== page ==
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The Words I Needed to Hear When I Adopted My Baby


It was a warm Thursday afternoon in June unlike any other. I was sitting in the back seat of the car, anxiously watching the trees zip by along the highway. I was in a strange city I had only ever seen on a map. My husband was in the front seat making small talk with the adoption lawyer, whom we had met for the first time that morning over breakfast. She was basically a stranger and we were about to share the most intimate of moments with her. We had dreamt about it for five and a half years of infertility and I had almost given up hope it would ever come.

We had been up late the night before getting ready — booking our flight and car rental, making sure all of our paperwork was in order. We had laid out everything across the living room floor; tiny hats, socks, cotton T-shirts, onesies, pastel blankets and bibs. Not only were we trying to pack for ourselves, we were also packing for a baby! What do you pack for a baby you’ve never met? We knew she was 6-pounds 11-ounces when she was born, but that was little help when trying to figure out which miniature pieces of clothing would fit her. In the trunk of the car we put the black suitcase full of newborn diapers, burp cloths, bottles and the white, cotton ducky PJ’s my husband and I had picked out together.

As we turned down the long, gravel driveway we got our first look at the foster home the baby had been staying in. It was a one-story bungalow clad in white siding surrounded by a large burgundy deck, a grove of trees off in the distance. At that moment a fresh surge of adrenaline started pumping through our tired bodies. We were propelling toward a moment that would simultaneously be the scariest and happiest of our lives. As we stepped out of the car, the foster parents emerged from the house. I still remember the warm June air touching our skin and the sound of the loose gravel crunching below our feet. We ascended the five wooden steps and were greeted by the foster parents at the top. As I shook hands with the foster mom she said, “Come on in and meet your daughter.” Time slowed down as my thoughts paused on the word “daughter“. . . words that turned out to be incredibly important on my journey toward becoming a parent.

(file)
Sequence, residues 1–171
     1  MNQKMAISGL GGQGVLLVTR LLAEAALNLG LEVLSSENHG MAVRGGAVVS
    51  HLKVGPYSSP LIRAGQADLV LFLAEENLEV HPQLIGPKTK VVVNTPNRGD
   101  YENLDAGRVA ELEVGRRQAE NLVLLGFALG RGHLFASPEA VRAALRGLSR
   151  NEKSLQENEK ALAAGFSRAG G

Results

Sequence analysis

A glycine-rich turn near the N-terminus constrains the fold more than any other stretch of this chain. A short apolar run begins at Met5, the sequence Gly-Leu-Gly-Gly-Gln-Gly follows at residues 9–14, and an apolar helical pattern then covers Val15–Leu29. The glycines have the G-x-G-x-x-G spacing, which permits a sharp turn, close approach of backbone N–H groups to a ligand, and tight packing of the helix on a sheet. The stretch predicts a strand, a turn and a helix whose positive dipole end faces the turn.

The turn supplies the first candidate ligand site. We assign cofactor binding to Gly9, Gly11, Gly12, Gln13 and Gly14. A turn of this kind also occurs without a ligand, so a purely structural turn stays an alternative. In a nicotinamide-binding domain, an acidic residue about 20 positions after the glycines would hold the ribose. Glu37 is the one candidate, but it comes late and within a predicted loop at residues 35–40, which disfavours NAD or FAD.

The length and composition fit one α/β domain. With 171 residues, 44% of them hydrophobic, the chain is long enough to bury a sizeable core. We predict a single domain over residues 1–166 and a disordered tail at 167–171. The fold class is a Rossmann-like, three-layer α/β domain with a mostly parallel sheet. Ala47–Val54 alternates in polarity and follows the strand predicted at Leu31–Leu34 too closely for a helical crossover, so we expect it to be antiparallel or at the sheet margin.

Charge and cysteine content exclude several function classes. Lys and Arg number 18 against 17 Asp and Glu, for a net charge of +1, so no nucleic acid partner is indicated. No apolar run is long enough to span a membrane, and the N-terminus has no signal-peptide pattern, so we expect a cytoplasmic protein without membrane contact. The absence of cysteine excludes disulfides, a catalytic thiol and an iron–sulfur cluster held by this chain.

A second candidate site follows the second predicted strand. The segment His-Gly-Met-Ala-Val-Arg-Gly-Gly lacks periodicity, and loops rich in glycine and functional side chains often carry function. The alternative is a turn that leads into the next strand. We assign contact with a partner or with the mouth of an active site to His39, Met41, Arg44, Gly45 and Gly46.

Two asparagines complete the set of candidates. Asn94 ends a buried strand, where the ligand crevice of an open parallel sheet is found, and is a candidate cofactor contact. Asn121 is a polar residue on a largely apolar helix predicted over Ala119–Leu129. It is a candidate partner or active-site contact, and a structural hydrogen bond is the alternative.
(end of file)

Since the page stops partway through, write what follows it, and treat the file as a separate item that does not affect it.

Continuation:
I always knew there was enough love in my heart to give a child. I knew I was great with kids and had the ability to be a good mom. Yet I struggled with the moral questions surrounding adoption.

Would the baby be better off staying with her birth mom?

I had a hard time understanding how someone could make the tough decision to give up their baby for adoption when I was so desperate for one.

Did I deserve to be her mom?

Being a mom had always been a dream of mine, yet a small part of me felt adopting a baby was selfish.

Would the baby bond with me and accept me as her mom?

My biggest fear was that my baby wouldn’t form an attachment to me. When I walked up those stairs to the foster home I was carrying all of those fears. . . and more.

But hearing those words, “Come on in and meet your daughter,” helped me take the first tentative emotional steps toward embracing my role as her mom.

It was the first time someone had called the baby, our daughter.

It was the first time someone had acknowledged that we were her parents and that I was her mom.

Once I heard someone say that out loud — it gave me permission to step into that role. For those words I will forever be grateful.

We entered the house through the front screen door with the foster parents leading the way. We walked down a long hallway, past the kitchen and into the living room where we were introduced to the baby — to our daughter. We were surrounded by strangers as we picked her up for the first time, swaddled in a polka dotted blanket with only her pudgy little face showing. We were in disbelief that this moment had finally come. . . smile on our faces, tears in our eyes.

Later on we dressed our daughter in the ducky PJ’s we had picked out together. They were so big that we had to roll the sleeves up three times so we could hold her tiny hands. We sat on the couch next to each other, holding our daughter, staring into her face, stunned by our fortune and good luck.

We were finally parents.

I was finally a mom.

 

Image Credits: Erin Paterson

Photo submitted by contributor.